A survey of over 400 runners found that approximately 88% of them did not know their sweat rate. To calculate this, subtract your post-exercise weight from your pre-exercise weight. Then, add your fluid intake. Take that number and subtract the volume of urine and exercise time in hours.
That’s only a basic formula. It’s important that endurance athletes are also aware of how much sodium they lose when sweating. If battling dehydration has been an issue, sweat sodium concentration testing is necessary.
How to Prevent Hydration-Related Endurance & Performance Deficits
If the pressure’s on and you want to leave nothing to chance, here’s what experts recommend:
Arrive hydrated, every time.
To prevent any losses, endurance athletes need to start the session or competition hydrated. Pros also acknowledge that maintaining a healthy fluid balance every day is key to their success.
Athletes must be acclimatized to heat.
No one will know what it takes for them to stay hydrated if they cannot predict adverse impacts from the temperature. Everyone loses fluid at slightly different rates, depending on their size, level of fitness, exact environment, intensity of activity, and more.
Consistently exercising in the heat for 90 minutes over one to two weeks is sufficient to acclimate many, although experienced endurance athletes may require less.
Acknowledge thirst and quench it on the spot.
Some don’t want to take their eyes off the prize. But where performance is concerned, respond to thirst signals promptly by drinking fluids. If it is hotter than usual, even by a slight margin, increase fluid intake accordingly.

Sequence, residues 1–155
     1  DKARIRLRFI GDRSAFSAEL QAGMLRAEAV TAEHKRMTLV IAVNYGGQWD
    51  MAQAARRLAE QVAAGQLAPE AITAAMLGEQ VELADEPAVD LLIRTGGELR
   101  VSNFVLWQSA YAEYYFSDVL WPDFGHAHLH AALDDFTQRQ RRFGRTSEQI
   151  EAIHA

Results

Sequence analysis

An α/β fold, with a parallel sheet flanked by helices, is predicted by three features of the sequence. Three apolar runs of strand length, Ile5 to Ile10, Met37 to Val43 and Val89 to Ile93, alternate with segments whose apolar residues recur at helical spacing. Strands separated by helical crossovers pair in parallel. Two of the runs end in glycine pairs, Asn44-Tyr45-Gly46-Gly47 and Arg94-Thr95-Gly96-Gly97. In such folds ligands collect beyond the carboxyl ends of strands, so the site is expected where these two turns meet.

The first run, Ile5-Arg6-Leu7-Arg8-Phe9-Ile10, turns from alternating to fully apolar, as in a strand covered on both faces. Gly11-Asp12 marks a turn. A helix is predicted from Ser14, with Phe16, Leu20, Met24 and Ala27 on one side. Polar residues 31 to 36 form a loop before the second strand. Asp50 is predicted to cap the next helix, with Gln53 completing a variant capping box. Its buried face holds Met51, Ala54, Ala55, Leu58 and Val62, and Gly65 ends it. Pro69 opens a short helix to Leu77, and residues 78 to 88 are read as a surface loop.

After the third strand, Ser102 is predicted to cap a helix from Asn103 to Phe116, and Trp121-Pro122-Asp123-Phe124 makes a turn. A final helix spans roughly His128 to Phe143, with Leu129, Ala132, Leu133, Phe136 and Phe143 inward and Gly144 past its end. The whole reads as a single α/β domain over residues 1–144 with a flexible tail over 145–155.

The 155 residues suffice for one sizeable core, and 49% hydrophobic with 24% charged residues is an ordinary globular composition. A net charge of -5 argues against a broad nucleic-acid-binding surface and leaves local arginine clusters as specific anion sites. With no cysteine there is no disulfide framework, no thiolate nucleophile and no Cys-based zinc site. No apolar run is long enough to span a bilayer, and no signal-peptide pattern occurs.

Know when to use hydration drinks.
Athletes performing in the heat may be advised to pre-load with a hydration drink containing electrolytes and carbohydrates. In addition to this, use hydration drinks when training and events meet or exceed one hour.
Hydrate: An NSF Certified for Sport Hydration Drink
Many athletes will think nothing of having an energy drink before they’re put to the test, but fluid loss may put a damper on their plans. Proper hydration plays a significant role in endurance and performance, especially when conditions are hot.
Research suggests that carbohydrates and electrolytes are a more efficient way to restore or maintain balance than water alone. If your training session, practice, race, or match lasts an hour, a hydration drink comes in clutch.
LivPur’s Hydrate contains five essential electrolytes, paired with a little bit of glucose to speed up absorption – it may even rehydrate you three times faster than water by itself. Add in cluster dextrin (an accessible yet sustained-release carb) and 11 amino acids, and you might just reach your peak.
Finally, it’s NSF Certified for Sport ®, ensuring purity, quality, safety, and accuracy in labeling. Athletes seeking supplements can depend on the only independent third-party certification program recognized by the United States Anti-Doping Agency (USADA), Major League Baseball, and the National Hockey League. It’s also recommended by the NFL, NBA, PGA, LPGA, CCES, CPSDA, iNADO, Ironman, and NASCAR.